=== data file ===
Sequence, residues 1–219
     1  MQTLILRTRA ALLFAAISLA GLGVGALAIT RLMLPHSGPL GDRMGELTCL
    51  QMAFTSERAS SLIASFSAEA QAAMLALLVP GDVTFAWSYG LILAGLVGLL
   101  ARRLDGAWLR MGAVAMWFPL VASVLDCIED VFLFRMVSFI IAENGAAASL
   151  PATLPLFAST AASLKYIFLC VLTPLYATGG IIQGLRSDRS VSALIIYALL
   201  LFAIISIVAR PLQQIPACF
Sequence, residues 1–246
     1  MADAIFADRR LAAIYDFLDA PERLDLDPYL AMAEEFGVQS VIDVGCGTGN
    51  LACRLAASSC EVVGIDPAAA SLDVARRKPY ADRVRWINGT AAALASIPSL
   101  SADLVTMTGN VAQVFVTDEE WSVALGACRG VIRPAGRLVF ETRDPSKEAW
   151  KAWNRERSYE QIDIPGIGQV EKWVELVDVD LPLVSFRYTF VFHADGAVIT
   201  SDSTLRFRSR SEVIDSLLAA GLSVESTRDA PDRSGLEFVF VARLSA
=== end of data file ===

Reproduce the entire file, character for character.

Sequence, residues 1–219
     1  MQTLILRTRA ALLFAAISLA GLGVGALAIT RLMLPHSGPL GDRMGELTCL
    51  QMAFTSERAS SLIASFSAEA QAAMLALLVP GDVTFAWSYG LILAGLVGLL
   101  ARRLDGAWLR MGAVAMWFPL VASVLDCIED VFLFRMVSFI IAENGAAASL
   151  PATLPLFAST AASLKYIFLC VLTPLYATGG IIQGLRSDRS VSALIIYALL
   201  LFAIISIVAR PLQQIPACF
Sequence, residues 1–246
     1  MADAIFADRR LAAIYDFLDA PERLDLDPYL AMAEEFGVQS VIDVGCGTGN
    51  LACRLAASSC EVVGIDPAAA SLDVARRKPY ADRVRWINGT AAALASIPSL
   101  SADLVTMTGN VAQVFVTDEE WSVALGACRG VIRPAGRLVF ETRDPSKEAW
   151  KAWNRERSYE QIDIPGIGQV EKWVELVDVD LPLVSFRYTF VFHADGAVIT
   201  SDSTLRFRSR SEVIDSLLAA GLSVESTRDA PDRSGLEFVF VARLSA